Winning team make kill of 1664

The winning team in the Great Easter Bunny Hunt was the Beige Brigade Wolfpack (from left) Jason Gerken, of Winton, Marty Taylor, of Gore, Nathan Dawson, of Makarewa, John Clearwater, of Castlerock, Steve Nunns, of Invercargill, Chris Ramage, of Nightcaps, Bruce Paterson, of Scotts Gap, and Jake Williams, of Kaiwera. The team shot 1664 rabbits as its contribution to the 22,904 tally from the 24-hour event. Photo by Lynda Van Kempen.
The winning team in the Great Easter Bunny Hunt was the Beige Brigade Wolfpack (from left) Jason Gerken, of Winton, Marty Taylor, of Gore, Nathan Dawson, of Makarewa, John Clearwater, of Castlerock, Steve Nunns, of Invercargill, Chris Ramage, of Nightcaps, Bruce Paterson, of Scotts Gap, and Jake Williams, of Kaiwera. The team shot 1664 rabbits as its contribution to the 22,904 tally from the 24-hour event. Photo by Lynda Van Kempen.
Row upon row of dead rabbits covering Pioneer Park in Alexandra on Saturday bought satisfied smiles to the faces of Central Otago farmers, reinforced with the news the pest population had been culled by 22,904.

The occasion was the 20th anniversary Great Easter Bunny Hunt, and thousands of people gathered to see the 24-hour hauls collected by the 47 teams.

The Beige Brigade Wolfpack team, from Southland, won the contest, bagging 1664 bunnies on a Luggate farm.

Captain Jason Gerken said the secret of the team's success was that it carried out the hunt like a military operation.

"We kept going for the full 24 hours, with hunters always ready to shoot."

Mr Gerken, a ferret contractor for the Animal Health Board, said the team was made up of "friends, friends of friends, and friends of friends of friends."

It had a good support crew, which included three cooks, ensuring no time was wasted.

The top 10 teams scored their high tallies on Luggate, Lake Hayes, Matakanui, Tarras, Bendigo, Queensberry, and Waikerikeri Valley farmland.

Rabbits were the focus, but pigs, hares, stoats, ferrets, turkeys, pigeons and even a goat featured in the spoils displayed by teams.

The hunt recorded its first injury, with a 54-year-old Chatto Creek man who fell from a truck while shooting at Lake Hayes.

"He broke his ribs, punctured a lung and will be in Kew Hospital for about a week and he phoned me today from his hospital bed to check how his team-mates were going, " event convener Dave Ramsay said.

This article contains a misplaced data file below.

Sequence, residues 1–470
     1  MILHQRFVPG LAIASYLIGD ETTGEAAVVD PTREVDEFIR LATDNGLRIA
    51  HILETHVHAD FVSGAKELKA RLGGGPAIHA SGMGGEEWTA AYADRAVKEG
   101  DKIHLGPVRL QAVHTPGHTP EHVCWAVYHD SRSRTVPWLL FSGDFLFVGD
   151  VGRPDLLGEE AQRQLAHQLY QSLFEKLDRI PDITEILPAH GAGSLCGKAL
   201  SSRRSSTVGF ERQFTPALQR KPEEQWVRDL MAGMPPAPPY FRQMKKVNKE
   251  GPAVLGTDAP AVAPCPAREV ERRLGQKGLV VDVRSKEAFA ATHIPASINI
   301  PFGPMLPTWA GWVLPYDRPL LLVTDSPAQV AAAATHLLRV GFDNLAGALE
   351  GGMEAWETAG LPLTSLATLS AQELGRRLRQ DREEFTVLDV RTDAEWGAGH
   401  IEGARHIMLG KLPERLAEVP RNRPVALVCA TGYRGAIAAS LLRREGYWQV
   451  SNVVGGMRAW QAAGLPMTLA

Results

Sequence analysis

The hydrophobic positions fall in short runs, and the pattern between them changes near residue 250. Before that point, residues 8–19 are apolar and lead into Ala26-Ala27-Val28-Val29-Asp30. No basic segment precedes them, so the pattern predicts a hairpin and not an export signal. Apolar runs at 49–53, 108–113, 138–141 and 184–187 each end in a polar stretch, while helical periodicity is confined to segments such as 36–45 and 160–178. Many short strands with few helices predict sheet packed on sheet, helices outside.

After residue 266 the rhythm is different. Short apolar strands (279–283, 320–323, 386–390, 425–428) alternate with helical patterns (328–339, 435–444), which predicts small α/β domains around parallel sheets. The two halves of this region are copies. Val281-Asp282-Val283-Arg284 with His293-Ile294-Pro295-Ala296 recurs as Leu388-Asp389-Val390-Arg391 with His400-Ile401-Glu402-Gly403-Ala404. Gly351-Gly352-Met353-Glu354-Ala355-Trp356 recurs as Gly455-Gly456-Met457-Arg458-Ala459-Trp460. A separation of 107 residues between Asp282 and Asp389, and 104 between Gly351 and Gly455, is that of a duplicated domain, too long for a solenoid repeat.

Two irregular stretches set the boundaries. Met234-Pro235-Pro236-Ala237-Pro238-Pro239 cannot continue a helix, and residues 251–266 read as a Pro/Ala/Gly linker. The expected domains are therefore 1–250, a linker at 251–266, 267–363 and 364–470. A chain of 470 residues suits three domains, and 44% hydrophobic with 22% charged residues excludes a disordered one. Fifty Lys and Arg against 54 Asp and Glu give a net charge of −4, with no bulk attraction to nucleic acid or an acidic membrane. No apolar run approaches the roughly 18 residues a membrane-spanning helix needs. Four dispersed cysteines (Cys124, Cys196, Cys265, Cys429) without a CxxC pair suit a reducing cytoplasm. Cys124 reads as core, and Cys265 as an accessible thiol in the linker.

A spokesman from Animal Welfare group Safe, Hans Kriek, criticised the event yesterday and was reported as saying the hunt did more to incite cruelty than control the pest animals.

"He's entitled to his views, but he's clearly never seen the devastation wrought by rabbits in this area, " Mr Ramsay said.

"We think we're doing something to tackle the rabbit problem and I think the majority of views, especially those of farmers, are in our favour." Demand was so high for the Alexandra Lions-organised event this year that 16 team places had to be balloted.

Fox Gallagher (17), Isaac Boyce (12) and Keegan Blackadder (16), all of Christchurch, were members of the Erabbicator team. Although it only despatched 307 rabbits, 66 hares, two possums and two stoats, the event was still worthwhile "as a fun boys' weekend away", Keegan said.

"It all goes back to the caveman days - that whole hunter-gatherer thing," Tina Dooley, of Oamaru said.

Part of the support crew for Bob's Bunny Busters, she said most of the women in the crew took on the role of "picker-uppers" - "so the menfolk can get on with their hunting thing".

Ravensdown Cunning Dozen captain, Graham Geary, of Mosgiel, said his team tally was 229 rabbits and a couple of turkeys and stoats.

"That's a bit of a disappointment and the block we were shooting, we think that cocky has got any rabbit problem well under control.

"But still, being here is better than being at work and we'll be back next year."

The rabbit corpses in the park were picked up by the Alexandra Scout group, which carries out the task as a fundraiser. The animals are broken down for compost.


Rabbit tallies
Kills from the past 10 hunts:
• 2011: 22,904 (47 teams)
• 2010: 23,064 (39 teams)
• 2009: 14,799 (39 teams)
• 2008: 15,542 (35 teams)
• 2007: 16,121 (31 teams)
• 2006: 12,494 (35 teams)
• 2005: 20,201 (43 teams)
• 2004: 11,546 (33 teams)
• 2003: 9148 (27 teams)
• 2002: 7513 (18 teams)

Total rabbits in 20 years: 243,311


lynda.van.kempen@odt.co.nz

Wow you don't say

If you have a rabbit proof fence, yes you will have to control animals inside the fence until they are removed, but...at least there's a practical reason for doing so. What are you really hoping to achieve by blasting away animals knowing it won't affect the problem? Obviously it's just an excuse to kill and main animals for enjoyment.

[Abridged]

How will fencing control rabbits?

How will rabbit fencing control rabbits? They will still need to be shot.

Celebrating animal cruelty

Until these so called farmers invest in rabbit-proof fences, this is nothing more than a celebration of cruelty to animals. Real men are kind to animals.